During last week's event at FedEx Field that was centered on his franchise's total rebranding, Dan Snyder took to the podium and touched on the theme of moving forward, a message that many others associated with the organization embraced as well.
"Today's a big day for our team, our fans, a day in which we embark on a new chapter as the Washington Commanders," the owner said into a microphone on a stage that was assembled just outside of the stadium.
About 24 hours later, as six former Washington employees had an opportunity to speak into microphones of their own on Capitol Hill, it was quite evident that Snyder's hope for an instant refresh was foolish.
While the Commanders bear a new name, boast new logos and will wear new uniforms in the fall, those changes are merely cosmetic and unfortunately do nothing to cover up the team's allegedly sordid, off-field past — a past that was once again discussed in Thursday's roundtable held by the House Committee on Oversight and Reform.
There was former cheerleader Tiffani Johnston's story of a night with Snyder when, according to her, he first put his hand on her thigh in an unwanted advance and then later attempted to guide her into his limousine. Jason Friedman, an ex-Washington vice president of sales and customer service for more than 20 years, corroborated Johnson's claims in the form of a letter that was read by the committee's chairwoman.
Johnson wasn't the only person to make a new allegation toward Snyder on Thursday.
Melanie Coburn, another former cheerleader who also served as a marketing director, said that she was once part of a trip to Snyder's home in Aspen, Colo. that ended with her being told to go the house's downstairs area while prostitutes were invited to the upstairs portion of the property.
Those remarks, along with other previously-reported-on stories, were punctuated by the five female employees stating that they had been individually harassed on upwards of hundreds of different occasions while working for Snyder's team — and that Snyder had to know what was unfolding, even though he's said before he was unaware of the widespread misconduct.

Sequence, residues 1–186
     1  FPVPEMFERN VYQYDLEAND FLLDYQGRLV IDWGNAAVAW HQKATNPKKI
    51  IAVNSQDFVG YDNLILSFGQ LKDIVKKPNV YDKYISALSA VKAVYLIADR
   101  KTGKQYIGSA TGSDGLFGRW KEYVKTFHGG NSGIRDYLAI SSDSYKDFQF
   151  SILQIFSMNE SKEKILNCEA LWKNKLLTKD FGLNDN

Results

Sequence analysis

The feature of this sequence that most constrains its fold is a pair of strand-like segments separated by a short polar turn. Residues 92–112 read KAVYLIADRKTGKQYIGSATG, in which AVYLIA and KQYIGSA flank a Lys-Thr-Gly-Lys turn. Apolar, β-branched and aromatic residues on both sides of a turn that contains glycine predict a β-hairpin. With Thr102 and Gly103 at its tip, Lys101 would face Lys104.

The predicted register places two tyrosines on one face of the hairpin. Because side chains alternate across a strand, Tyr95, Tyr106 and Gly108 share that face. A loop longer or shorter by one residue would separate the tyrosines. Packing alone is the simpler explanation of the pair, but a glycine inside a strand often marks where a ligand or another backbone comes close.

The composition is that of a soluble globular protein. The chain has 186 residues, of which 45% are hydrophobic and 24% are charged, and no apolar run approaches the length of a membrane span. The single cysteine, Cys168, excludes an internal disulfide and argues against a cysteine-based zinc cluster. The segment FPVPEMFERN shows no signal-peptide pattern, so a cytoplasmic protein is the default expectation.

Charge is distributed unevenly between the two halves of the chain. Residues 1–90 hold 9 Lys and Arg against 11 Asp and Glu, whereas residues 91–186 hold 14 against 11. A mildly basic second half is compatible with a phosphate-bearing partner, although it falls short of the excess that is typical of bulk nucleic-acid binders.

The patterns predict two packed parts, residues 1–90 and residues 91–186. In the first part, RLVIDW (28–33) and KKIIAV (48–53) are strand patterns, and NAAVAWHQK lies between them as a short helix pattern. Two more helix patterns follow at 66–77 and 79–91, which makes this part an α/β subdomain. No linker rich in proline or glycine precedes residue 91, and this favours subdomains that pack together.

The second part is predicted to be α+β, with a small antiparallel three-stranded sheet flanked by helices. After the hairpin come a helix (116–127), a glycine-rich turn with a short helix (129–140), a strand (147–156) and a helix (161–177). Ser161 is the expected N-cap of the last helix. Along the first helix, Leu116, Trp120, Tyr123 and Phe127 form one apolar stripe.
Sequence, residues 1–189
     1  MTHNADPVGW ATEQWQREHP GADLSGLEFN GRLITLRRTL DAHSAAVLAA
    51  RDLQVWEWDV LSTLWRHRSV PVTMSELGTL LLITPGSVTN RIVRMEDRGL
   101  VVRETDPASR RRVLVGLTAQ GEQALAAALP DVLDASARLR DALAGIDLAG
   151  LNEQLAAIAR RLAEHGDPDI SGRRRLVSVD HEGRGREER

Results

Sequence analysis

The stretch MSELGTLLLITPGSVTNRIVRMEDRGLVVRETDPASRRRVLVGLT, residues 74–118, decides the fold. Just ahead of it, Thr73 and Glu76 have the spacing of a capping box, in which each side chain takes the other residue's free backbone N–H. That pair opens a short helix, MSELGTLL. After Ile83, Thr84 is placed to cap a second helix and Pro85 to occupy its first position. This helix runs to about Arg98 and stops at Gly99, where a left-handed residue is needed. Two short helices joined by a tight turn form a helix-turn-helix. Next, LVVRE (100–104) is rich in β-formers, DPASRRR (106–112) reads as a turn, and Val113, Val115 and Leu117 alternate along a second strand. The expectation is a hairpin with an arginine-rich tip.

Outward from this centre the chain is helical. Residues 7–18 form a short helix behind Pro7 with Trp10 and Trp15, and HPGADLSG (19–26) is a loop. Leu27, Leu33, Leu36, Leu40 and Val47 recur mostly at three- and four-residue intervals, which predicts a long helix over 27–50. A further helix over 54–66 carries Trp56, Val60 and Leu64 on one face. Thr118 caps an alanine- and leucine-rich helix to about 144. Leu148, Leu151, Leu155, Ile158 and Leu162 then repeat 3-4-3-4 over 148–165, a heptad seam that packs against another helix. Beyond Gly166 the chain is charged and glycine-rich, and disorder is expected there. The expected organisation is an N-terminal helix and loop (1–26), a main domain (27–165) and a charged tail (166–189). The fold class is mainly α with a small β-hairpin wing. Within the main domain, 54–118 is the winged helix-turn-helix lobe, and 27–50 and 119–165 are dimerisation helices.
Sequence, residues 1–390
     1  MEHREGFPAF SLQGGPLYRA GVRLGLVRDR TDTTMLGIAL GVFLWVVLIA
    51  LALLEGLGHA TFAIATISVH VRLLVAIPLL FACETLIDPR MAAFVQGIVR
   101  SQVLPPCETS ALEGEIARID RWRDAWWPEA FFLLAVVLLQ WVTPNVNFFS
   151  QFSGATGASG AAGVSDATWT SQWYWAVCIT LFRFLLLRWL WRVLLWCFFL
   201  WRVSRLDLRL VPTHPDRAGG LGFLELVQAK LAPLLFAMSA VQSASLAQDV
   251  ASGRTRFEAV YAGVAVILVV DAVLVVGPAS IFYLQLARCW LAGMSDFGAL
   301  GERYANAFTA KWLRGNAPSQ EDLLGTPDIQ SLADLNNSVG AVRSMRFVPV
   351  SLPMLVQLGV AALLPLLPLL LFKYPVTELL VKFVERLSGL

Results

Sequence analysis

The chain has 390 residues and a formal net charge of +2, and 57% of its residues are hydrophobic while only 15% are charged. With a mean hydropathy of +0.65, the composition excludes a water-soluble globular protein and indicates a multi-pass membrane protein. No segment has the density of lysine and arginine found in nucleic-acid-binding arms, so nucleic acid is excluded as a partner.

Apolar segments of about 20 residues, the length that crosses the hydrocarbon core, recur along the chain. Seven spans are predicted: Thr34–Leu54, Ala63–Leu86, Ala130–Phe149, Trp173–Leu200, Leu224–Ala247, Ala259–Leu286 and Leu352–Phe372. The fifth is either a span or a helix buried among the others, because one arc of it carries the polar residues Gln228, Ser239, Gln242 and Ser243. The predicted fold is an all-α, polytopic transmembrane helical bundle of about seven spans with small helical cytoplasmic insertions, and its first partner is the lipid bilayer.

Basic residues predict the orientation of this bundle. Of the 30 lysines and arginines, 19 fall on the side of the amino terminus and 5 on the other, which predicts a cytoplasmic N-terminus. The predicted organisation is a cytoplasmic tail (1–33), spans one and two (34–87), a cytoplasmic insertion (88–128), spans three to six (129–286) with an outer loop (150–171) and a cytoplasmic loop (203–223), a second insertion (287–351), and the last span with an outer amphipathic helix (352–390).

"He was involved in everything," Johnston said. "Every minor detail, every major detail of every single day at the office."
"Daniel Snyder should not be managing any human beings," Coburn added.
Members of the committee were ultimately split on just how helpful it could be toward holding Snyder (and NFL commissioner Roger Goodell) accountable for what's purportedly occurred during Snyder's lengthy ownership. Rep. Raja Krishnamoorthi, D-Ill., did promise those who appeared at the Capitol Hill roundtable that their search for justice was only the beginning of a process Congress would be involved in.
Should that prove to be true, then whatever happens with the Commanders on the field could be routinely overshadowed by whatever happened in the past two decades with the Redskins when the club's alleged toxic workplace took root.
Since the Washington Post published multiple accounts in 2020 that investigated the "miserable" environment for women around the team, Snyder has expressed a desire to improve conditions and create a more diverse operation.
"Real change has been made and employees of the Team have confirmed the vast improvement in Team culture over the past 18 months," Snyder said in a statement last week following the conclusion of the roundtable.
Between those adjustments and Washington officially becoming the Commanders, Snyder wants the future to be the focus. It's a sentiment shared by his wife and co-owner, Tanya, who anticipates "paving the way for a new tradition as Washington Commanders," which is how she put it at FedEx Field last week.
For now, it's naive thinking. The franchise's old traditions of dominating the news cycle for unsavory reasons and constantly being scrutinized for the way it operates aren't going anywhere.
Snyder can wish for the safety of a "new chapter," but the women who were harmed in the work environment that existed under his watch aren't nearly as interested in turning the page.